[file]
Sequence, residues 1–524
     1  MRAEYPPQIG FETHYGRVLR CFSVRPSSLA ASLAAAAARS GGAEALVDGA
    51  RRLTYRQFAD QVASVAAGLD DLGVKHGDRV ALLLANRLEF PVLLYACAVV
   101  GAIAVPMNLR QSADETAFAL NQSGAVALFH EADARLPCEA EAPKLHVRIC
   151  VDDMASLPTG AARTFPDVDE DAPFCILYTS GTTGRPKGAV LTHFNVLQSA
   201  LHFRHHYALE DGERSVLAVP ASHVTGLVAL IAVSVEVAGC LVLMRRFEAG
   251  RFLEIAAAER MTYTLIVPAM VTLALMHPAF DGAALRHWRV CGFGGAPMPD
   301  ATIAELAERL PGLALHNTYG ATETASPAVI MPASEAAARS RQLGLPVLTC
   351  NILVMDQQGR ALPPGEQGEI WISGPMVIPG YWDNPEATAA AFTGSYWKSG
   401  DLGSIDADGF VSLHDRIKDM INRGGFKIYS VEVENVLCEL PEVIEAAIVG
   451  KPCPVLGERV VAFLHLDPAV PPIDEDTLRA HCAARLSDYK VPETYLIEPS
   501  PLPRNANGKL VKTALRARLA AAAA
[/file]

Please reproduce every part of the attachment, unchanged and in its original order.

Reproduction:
Sequence, residues 1–524
     1  MRAEYPPQIG FETHYGRVLR CFSVRPSSLA ASLAAAAARS GGAEALVDGA
    51  RRLTYRQFAD QVASVAAGLD DLGVKHGDRV ALLLANRLEF PVLLYACAVV
   101  GAIAVPMNLR QSADETAFAL NQSGAVALFH EADARLPCEA EAPKLHVRIC
   151  VDDMASLPTG AARTFPDVDE DAPFCILYTS GTTGRPKGAV LTHFNVLQSA
   201  LHFRHHYALE DGERSVLAVP ASHVTGLVAL IAVSVEVAGC LVLMRRFEAG
   251  RFLEIAAAER MTYTLIVPAM VTLALMHPAF DGAALRHWRV CGFGGAPMPD
   301  ATIAELAERL PGLALHNTYG ATETASPAVI MPASEAAARS RQLGLPVLTC
   351  NILVMDQQGR ALPPGEQGEI WISGPMVIPG YWDNPEATAA AFTGSYWKSG
   401  DLGSIDADGF VSLHDRIKDM INRGGFKIYS VEVENVLCEL PEVIEAAIVG
   451  KPCPVLGERV VAFLHLDPAV PPIDEDTLRA HCAARLSDYK VPETYLIEPS
   501  PLPRNANGKL VKTALRARLA AAAA